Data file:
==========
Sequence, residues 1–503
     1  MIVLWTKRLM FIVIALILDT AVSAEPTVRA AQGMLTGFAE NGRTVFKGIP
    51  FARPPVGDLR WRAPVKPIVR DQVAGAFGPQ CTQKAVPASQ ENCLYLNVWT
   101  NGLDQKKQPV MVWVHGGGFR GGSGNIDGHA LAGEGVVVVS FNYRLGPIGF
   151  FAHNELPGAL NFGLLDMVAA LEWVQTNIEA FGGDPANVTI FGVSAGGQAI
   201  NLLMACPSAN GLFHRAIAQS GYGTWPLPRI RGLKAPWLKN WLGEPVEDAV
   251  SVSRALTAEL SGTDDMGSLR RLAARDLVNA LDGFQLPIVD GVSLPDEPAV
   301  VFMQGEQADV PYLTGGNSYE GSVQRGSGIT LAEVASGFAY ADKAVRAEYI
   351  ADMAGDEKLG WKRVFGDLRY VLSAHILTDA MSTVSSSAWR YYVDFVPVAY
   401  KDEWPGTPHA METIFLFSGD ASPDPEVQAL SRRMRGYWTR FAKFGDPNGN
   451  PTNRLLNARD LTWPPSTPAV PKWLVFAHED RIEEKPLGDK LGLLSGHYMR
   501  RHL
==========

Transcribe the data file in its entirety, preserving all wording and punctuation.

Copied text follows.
Sequence, residues 1–503
     1  MIVLWTKRLM FIVIALILDT AVSAEPTVRA AQGMLTGFAE NGRTVFKGIP
    51  FARPPVGDLR WRAPVKPIVR DQVAGAFGPQ CTQKAVPASQ ENCLYLNVWT
   101  NGLDQKKQPV MVWVHGGGFR GGSGNIDGHA LAGEGVVVVS FNYRLGPIGF
   151  FAHNELPGAL NFGLLDMVAA LEWVQTNIEA FGGDPANVTI FGVSAGGQAI
   201  NLLMACPSAN GLFHRAIAQS GYGTWPLPRI RGLKAPWLKN WLGEPVEDAV
   251  SVSRALTAEL SGTDDMGSLR RLAARDLVNA LDGFQLPIVD GVSLPDEPAV
   301  VFMQGEQADV PYLTGGNSYE GSVQRGSGIT LAEVASGFAY ADKAVRAEYI
   351  ADMAGDEKLG WKRVFGDLRY VLSAHILTDA MSTVSSSAWR YYVDFVPVAY
   401  KDEWPGTPHA METIFLFSGD ASPDPEVQAL SRRMRGYWTR FAKFGDPNGN
   451  PTNRLLNARD LTWPPSTPAV PKWLVFAHED RIEEKPLGDK LGLLSGHYMR
   501  RHL